Much of modern telecom regulation is about preventing the extension of market power for oligopolistic markets to relatively competitive markets. One method used to do this is bundling two products, one from the former and the other from the latter. Conventional antitrust envisaged both the products being sold for a price, or of one being given “free” with the other. In the case of the flurry of competition-law proceedings around Microsoft, one issue was the bundling of the Explorer browser (available for free download) with the Windows operating system.
Finally the consumers are being given an explicit choice at the behest of the European Commission, and they are taking it.
Rivals of Microsoft’s market-leading Web browser have attracted a flurry of interest since the company, fulfilling a regulatory requirement, started making it easier for European users of its Windows operating system to switch.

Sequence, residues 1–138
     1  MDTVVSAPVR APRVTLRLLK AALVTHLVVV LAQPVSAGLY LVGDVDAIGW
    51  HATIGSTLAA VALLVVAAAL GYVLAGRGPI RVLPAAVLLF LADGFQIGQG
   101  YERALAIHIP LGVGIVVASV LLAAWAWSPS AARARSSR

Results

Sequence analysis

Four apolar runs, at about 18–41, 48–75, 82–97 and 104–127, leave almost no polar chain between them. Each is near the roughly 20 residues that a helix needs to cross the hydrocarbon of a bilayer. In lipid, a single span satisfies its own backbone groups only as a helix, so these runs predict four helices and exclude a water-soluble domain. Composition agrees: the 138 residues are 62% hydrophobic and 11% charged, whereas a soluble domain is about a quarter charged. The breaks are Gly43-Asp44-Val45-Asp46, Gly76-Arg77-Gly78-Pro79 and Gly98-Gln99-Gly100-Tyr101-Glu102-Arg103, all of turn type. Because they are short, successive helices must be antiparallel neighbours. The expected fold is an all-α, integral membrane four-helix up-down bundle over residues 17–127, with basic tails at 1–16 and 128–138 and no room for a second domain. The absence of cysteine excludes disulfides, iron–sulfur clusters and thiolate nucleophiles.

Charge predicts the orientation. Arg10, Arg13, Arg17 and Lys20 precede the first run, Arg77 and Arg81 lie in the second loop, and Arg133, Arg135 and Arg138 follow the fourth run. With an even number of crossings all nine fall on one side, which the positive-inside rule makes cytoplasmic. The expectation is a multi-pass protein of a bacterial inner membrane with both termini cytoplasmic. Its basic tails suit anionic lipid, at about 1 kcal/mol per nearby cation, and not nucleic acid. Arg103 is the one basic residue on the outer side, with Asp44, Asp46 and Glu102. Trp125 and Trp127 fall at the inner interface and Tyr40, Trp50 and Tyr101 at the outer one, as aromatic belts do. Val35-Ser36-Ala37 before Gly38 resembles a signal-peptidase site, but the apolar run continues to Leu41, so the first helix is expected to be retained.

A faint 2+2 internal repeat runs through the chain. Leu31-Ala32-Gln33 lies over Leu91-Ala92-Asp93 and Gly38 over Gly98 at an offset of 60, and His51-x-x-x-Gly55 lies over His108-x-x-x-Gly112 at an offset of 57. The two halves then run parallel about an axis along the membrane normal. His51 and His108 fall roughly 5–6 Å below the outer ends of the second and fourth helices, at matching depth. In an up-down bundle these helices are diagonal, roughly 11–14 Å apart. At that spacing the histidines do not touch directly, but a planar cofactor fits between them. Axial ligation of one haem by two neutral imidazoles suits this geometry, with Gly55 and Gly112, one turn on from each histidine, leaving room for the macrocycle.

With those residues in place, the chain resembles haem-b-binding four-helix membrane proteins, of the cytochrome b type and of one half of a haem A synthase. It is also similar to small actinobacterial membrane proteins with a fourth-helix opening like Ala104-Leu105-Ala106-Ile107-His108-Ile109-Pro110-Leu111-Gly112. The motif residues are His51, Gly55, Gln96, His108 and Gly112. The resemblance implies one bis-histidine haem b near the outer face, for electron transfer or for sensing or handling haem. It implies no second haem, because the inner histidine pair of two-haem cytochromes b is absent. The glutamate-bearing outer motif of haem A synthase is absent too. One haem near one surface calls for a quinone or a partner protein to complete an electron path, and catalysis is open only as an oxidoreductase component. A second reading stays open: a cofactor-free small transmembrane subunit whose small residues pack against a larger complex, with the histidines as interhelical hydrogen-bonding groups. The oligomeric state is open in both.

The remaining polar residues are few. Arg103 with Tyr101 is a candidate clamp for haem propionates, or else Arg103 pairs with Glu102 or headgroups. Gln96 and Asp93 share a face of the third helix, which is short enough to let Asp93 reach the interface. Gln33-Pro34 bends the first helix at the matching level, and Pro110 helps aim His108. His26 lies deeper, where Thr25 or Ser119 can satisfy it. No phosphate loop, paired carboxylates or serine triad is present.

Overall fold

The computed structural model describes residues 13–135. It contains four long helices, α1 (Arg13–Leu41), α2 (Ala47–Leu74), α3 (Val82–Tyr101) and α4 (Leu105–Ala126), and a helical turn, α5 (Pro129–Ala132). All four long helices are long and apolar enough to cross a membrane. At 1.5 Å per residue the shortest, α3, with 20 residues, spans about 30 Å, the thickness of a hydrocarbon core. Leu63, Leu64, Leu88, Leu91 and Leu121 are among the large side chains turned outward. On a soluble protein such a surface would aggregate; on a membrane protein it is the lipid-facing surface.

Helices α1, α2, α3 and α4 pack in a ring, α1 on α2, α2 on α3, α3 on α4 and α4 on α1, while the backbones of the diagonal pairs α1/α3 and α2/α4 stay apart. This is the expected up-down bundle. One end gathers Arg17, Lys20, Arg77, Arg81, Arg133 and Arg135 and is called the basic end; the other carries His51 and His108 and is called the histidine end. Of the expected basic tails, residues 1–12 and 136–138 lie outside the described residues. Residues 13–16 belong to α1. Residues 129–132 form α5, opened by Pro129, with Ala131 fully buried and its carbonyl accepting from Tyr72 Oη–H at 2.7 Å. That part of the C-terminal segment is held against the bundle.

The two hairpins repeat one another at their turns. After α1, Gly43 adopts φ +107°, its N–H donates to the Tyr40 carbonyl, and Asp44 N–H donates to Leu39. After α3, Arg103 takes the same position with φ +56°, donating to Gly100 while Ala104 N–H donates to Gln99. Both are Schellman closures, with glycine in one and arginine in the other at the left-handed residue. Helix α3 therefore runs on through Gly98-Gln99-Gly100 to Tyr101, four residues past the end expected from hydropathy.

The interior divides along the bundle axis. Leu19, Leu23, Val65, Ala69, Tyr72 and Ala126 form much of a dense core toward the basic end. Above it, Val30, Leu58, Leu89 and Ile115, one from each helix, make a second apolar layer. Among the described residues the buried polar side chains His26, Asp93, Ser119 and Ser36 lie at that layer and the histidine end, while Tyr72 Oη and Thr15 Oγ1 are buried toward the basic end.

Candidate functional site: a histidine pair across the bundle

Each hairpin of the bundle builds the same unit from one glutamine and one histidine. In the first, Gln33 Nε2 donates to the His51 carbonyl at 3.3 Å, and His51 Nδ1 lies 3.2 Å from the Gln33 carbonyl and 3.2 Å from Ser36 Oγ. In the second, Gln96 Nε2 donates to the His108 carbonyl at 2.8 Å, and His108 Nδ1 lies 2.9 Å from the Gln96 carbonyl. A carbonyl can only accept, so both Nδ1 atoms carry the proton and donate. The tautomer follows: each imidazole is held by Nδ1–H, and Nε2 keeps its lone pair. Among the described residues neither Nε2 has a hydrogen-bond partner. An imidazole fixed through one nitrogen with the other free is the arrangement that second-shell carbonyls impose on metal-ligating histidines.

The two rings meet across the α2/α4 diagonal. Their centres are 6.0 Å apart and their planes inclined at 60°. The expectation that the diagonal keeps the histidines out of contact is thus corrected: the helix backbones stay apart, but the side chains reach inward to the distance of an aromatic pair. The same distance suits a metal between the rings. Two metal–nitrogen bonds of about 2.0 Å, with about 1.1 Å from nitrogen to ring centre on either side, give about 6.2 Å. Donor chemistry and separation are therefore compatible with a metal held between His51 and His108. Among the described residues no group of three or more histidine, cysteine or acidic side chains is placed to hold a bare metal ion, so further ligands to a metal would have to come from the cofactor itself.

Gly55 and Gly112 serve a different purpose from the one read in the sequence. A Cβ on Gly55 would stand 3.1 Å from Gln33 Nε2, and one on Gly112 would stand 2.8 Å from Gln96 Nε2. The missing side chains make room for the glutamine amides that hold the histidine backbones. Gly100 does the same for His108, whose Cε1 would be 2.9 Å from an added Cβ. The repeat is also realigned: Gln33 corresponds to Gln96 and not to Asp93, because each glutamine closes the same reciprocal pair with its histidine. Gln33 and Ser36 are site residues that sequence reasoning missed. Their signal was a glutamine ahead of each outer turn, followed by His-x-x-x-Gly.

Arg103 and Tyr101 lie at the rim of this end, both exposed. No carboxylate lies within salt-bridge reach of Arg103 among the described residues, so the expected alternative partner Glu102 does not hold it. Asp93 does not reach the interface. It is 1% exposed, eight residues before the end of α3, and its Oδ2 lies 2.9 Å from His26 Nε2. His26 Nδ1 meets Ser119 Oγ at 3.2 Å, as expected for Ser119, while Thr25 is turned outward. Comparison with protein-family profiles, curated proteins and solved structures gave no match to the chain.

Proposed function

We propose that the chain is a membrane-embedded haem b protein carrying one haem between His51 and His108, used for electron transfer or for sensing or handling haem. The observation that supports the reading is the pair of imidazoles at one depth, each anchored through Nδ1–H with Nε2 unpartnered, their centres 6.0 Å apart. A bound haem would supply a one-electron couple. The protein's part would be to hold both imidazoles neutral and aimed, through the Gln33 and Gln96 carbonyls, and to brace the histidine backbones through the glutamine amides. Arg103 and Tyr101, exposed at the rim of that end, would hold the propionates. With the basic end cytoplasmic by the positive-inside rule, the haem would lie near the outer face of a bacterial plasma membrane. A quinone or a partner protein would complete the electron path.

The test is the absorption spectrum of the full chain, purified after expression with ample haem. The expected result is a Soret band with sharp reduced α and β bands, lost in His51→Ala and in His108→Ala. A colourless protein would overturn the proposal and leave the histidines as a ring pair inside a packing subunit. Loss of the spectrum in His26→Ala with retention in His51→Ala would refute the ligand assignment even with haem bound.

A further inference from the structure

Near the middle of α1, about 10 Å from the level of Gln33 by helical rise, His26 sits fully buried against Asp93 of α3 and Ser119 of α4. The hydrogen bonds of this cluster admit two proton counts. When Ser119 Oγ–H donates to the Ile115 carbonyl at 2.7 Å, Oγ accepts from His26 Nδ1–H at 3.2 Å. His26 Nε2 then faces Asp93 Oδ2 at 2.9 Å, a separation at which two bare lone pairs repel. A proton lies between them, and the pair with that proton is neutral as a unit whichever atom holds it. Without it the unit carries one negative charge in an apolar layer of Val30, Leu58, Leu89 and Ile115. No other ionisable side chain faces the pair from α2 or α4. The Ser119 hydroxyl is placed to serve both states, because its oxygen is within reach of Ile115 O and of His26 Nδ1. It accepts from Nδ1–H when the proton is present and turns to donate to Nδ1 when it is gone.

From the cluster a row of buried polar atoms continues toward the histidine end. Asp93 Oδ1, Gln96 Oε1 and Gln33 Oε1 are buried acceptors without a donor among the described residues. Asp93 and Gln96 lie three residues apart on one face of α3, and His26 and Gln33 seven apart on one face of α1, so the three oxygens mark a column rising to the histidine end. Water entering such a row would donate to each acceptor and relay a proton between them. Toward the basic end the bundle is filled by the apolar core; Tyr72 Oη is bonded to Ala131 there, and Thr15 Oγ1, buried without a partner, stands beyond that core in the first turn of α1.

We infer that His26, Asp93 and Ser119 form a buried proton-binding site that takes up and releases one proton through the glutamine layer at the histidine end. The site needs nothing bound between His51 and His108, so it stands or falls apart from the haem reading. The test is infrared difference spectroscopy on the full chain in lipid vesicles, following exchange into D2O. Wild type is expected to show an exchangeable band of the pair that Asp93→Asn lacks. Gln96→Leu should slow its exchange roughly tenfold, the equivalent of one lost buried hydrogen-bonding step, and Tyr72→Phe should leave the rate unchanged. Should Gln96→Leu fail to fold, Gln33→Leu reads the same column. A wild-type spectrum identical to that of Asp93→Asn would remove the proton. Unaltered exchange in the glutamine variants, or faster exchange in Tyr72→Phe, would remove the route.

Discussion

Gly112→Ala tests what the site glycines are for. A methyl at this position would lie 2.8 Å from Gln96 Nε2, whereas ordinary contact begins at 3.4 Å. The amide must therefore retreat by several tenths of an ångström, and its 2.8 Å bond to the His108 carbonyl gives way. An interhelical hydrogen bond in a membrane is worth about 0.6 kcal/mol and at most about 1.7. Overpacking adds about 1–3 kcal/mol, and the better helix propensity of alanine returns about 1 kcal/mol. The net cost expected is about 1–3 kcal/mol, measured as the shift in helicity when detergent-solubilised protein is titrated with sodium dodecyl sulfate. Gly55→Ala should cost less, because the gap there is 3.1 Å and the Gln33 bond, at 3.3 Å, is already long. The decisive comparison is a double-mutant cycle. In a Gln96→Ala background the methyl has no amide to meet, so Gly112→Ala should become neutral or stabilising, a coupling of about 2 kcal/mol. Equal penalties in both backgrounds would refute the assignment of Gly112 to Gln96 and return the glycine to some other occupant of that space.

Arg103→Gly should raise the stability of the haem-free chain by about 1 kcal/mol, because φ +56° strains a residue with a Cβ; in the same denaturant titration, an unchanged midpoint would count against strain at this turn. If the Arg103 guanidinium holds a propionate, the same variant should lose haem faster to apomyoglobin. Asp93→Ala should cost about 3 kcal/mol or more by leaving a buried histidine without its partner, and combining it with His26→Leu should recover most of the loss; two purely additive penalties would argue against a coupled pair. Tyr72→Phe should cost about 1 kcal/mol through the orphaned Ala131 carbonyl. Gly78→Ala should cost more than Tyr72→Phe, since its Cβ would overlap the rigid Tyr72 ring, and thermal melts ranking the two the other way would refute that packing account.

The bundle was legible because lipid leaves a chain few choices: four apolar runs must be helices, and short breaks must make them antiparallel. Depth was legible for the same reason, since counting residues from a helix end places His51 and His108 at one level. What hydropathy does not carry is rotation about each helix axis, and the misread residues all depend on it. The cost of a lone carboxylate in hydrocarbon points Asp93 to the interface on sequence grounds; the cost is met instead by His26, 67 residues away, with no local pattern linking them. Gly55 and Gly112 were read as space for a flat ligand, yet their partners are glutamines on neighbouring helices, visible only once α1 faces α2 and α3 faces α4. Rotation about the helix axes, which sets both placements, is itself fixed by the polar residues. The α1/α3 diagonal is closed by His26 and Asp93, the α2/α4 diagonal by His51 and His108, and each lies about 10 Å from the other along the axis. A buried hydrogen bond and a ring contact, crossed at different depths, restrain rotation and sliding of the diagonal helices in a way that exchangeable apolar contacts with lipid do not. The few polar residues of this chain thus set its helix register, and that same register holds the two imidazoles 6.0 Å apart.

Mozilla, whose Firefox browser is the strongest competitor to Microsoft’s Internet Explorer worldwide, said that more than 50,000 people had downloaded Firefox via a “choice screen” that has been popping up on Windows-equipped computers in Europe since the end of last month. The screen displays links to a dozen browsers, including Explorer, Firefox, Google’s Chrome, Apple’s Safari and Opera.
Opera Software, based in Oslo, said downloads of its browser in Belgium, France, Britain, Poland and Spain had tripled since the screen began to appear.
“It’s definitely being taken up, so consumers are paying attention and taking advantage of the choice being offered to them,” said Thomas Vinje, legal counsel to the European Committee for Interoperable Systems, a lobbying group based in Brussels whose members include Opera.